Retail store associates need to be empowered with anytime anywhere commerce capabilities. Twenty-seven percent of consumers are very likely to visit a competitor’s store if a product is out-of-stock in-store and 21% of consumers would defer buying all together. However, when consumers were given the option of having an out-of-stock product shipped to their home for free, 45% are very likely to complete the purchase.14 Store associates can’t service consumers if they’re anchored behind a traditional POS terminal or cash wrap PCs to access critical information. To provide engaging consumer experiences, they need mobile tools that provide access to inventory across the retail chain, robust catalog information and the power to complete purchases anywhere in the store. In addition to commerce capabilities, store associates should be empowered with tools that personalize the consumer experience with clienteling functions to provide personalized service and flexible purchasing options.
Fulfillment Beyond Stores
In addition to store fulfillment, order management is needed for inventory visibility and order routing logic across the broader supply chain. This includes dropship suppliers, regional and international fulfillment locations and other third-party logistics providers.
Dropshipping presents a unique proposition for retailers to expand product assortment without the risk and expense of inventory overhead. When executed properly, retailers can leverage dropship suppliers and their infrastructure to fulfill ecommerce orders. It’s important to employ order processing automation tools to support any supplier – from mom and pop shops to highly sophisticated EDI-based suppliers. Equally important is the ability to enforce compliance to ensure suppliers are meeting SLAs and the standards and integrity of the retail brand.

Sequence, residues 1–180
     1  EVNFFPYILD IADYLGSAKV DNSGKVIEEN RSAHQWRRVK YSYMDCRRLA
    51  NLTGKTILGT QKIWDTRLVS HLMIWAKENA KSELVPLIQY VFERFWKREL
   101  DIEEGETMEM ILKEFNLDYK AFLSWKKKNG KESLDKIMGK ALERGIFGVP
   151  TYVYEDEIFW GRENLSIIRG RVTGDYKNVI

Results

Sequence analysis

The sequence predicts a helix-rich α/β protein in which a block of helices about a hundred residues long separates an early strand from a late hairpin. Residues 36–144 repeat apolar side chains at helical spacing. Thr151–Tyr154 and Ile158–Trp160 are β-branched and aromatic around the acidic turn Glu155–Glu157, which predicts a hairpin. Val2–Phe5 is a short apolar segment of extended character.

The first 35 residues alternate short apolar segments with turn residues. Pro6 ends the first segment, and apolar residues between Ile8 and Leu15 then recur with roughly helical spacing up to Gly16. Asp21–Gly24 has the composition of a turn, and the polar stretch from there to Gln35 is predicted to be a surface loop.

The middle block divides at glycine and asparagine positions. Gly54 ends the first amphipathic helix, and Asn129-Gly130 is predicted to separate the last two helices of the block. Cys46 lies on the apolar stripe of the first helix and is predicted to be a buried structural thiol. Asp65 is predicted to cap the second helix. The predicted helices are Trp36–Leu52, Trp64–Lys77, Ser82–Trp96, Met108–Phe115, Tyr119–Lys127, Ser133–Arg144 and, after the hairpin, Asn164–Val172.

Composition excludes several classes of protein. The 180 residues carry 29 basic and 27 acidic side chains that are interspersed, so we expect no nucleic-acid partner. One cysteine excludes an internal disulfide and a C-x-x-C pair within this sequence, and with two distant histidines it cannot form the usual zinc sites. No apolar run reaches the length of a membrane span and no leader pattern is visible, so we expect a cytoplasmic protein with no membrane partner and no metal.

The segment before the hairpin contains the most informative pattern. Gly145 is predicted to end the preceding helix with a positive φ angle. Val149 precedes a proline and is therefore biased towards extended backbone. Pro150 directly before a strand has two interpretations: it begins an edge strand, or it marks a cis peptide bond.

The Fraud Problem You Don’t Know You Have
And let’s not forget about payments and risk management. They are integral parts of order management and areas that many retailers aren’t optimizing. Ecommerce fraud is growing at substantial rates. It’s complex and sophisticated. A Cybersource 2014 study found that an estimated $2.5 to $3.5 billion was lost to fraud in United States in 2014. The same study found fraud is increasing 33 percent year over year.15 Fraudsters are smart, highly motivated, well-funded, constantly innovating and testing, and adept at finding and exploiting weaknesses. With the new EMV chip technology, a new window of risk lies ahead for retailers – the liability for fraudulent transactions shifts from financial institutions to retailers. And there will be an undeniable spike in card not present fraud as criminals shift their focus to ecommerce.
Retailers need to stay one step ahead of cyber criminals while ensuring legitimate consumer orders are not negatively impacted. This requires a sophisticated fraud system with highly accurate and constantly optimized fraud risk decision functionality that includes ongoing trend detection and systematic customer identification to make it very difficult for criminals to exploit a site for fraud. Yet, having the right technologies and processes in place does not provide complete protection. Ideally, retailers need a team of dedicated, professional fraud detection experts that focus on criminals while retailers focus on customers.
The Cost of Status Quo
While the incremental growth opportunity of omnichannel selling and fulfillment is relatively straightforward, a retail optimized order management solution also provides an important foundation for growth that is more difficult to quantify.